Here are some things to keep in mind regardless of where you get your health insurance:
Medicare Open Enrollment started October 15 and you can’t watch TV these days without seeing commercial after commercial about different Medicare insurance options. During Medicare Open Enrollment you can:
A few tips:
Health Insurance Marketplace and Employer Health Plans
Bottom line: Be sure you understand your options, get your questions answered, and know your preferences (cost, access, convenience, willingness to accept risk, etc.) before you make a decision. Contact me if I can be of help.
“My doctor put me on XYZ medication? Do you think I should be taking it?”
“My 3 year-old has a rash and is throwing up. My doctor said to bring him to the office. What do you think I should do?
“My dad sometimes seems confused and sometimes doesn’t. Does he have Alzheimer’s disease?”
The above are simplified versions of actual posts I have seen on community Facebook groups. Then 50-100 people respond with their opinion. While these groups are useful for many things, the people responding are not medical experts — and if they are health care professionals, they do not know all the specifics of your situation. If you want credible health information, you need to go to credible health sources to get it.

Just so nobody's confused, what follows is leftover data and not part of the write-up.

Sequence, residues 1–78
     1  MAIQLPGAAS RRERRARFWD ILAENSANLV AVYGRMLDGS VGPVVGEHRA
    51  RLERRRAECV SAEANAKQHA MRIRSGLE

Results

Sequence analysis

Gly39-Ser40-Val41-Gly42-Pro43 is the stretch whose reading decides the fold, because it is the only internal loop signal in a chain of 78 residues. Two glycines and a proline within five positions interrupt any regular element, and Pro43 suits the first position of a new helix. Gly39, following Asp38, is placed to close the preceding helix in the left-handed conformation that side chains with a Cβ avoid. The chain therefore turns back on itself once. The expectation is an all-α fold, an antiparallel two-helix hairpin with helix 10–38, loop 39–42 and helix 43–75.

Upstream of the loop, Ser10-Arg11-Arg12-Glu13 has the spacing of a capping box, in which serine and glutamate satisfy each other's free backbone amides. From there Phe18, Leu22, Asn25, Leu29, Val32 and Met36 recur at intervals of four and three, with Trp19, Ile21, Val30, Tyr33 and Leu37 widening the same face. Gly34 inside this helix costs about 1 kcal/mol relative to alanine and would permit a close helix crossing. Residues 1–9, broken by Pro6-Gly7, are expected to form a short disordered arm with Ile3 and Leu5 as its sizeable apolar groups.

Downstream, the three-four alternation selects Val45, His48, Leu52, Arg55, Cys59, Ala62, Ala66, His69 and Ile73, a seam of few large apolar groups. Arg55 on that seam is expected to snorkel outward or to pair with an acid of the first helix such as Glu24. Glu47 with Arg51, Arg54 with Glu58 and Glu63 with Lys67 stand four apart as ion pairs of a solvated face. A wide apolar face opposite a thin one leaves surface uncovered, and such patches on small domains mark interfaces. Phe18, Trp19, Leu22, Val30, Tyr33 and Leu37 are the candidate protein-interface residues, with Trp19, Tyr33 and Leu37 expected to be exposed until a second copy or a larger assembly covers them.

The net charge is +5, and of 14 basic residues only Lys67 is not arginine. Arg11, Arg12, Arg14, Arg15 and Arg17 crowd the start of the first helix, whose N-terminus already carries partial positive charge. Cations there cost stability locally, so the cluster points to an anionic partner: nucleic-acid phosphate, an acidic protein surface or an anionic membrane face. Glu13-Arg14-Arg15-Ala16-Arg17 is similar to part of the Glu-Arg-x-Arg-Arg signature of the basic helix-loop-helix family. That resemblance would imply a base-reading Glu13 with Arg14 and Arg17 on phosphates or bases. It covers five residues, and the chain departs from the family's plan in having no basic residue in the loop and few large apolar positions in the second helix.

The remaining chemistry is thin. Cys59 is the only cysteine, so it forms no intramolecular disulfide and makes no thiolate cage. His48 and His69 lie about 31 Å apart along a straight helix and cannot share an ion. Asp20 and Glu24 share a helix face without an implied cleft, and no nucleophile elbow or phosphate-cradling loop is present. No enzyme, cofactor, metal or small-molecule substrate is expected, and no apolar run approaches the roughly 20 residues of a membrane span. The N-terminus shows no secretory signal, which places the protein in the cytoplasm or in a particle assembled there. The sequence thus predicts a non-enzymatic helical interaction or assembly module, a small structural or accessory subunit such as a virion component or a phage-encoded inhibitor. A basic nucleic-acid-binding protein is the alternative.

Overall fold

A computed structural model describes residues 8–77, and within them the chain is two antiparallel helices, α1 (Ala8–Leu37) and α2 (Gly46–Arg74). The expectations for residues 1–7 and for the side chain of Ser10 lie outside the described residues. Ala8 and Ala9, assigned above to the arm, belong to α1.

So, what is a “credible health source?”
Your doctor. You might not like what your doctor has to say, or you may not feel the information you get from your doctor is complete, easy to understand, or right for you, but your doctor/health care provider should be a credible source of health information. If you don’t feel that way, it may be time to try a new doctor.
SOME sites on the Internet. Not all. How do you know the difference?
This Chicago Tribune article perfectly captures the spirit of a program psychotherapist Allison List Hutner and I have been facilitating. Please contact me if you’d like to learn more about the program or have us facilitate a session for your organization, book club, family, or friends. You can also participate in this program at the Vernon Area Library on Wednesday, October 2 at 7:30pm (register here) or the North Suburban YMCA on Thursday, November 7th at 11:15am (register here).
Read the entire article here.
I recently came across two important articles for older adults and wanted to share them with you.
This article provides an excellent framework for having an honest, helpful discussion with your surgeon before deciding whether to have surgery. It provides questions that really address and explore a patient’s values about quality of life. I encourage you to take a few minutes to read it.
Did you know that many regularly used medications can cause confusion in older adults? Be sure to read this article to learn more about anticholinergic drugs (eg, antihistamines) and how they can be harmful. Searching the Beers list for potentially inappropriate medications use in older adults is also a must; if you see medications on the list that you or a family member is taking, don’t hesitate to ask your doctor about it.
First, it can be confusing when people talk about Alzheimer’s and dementia. Are they the same disease? Dementia is an umbrella term that includes Alzheimer’s disease, vascular dementia, Lewy body dementia, mixed dementias, and frontotemporal degeneration. Alzheimer’s disease is the most common form of dementia. If you're concerned about yourself or a loved one, be sure to consult with a health care professional.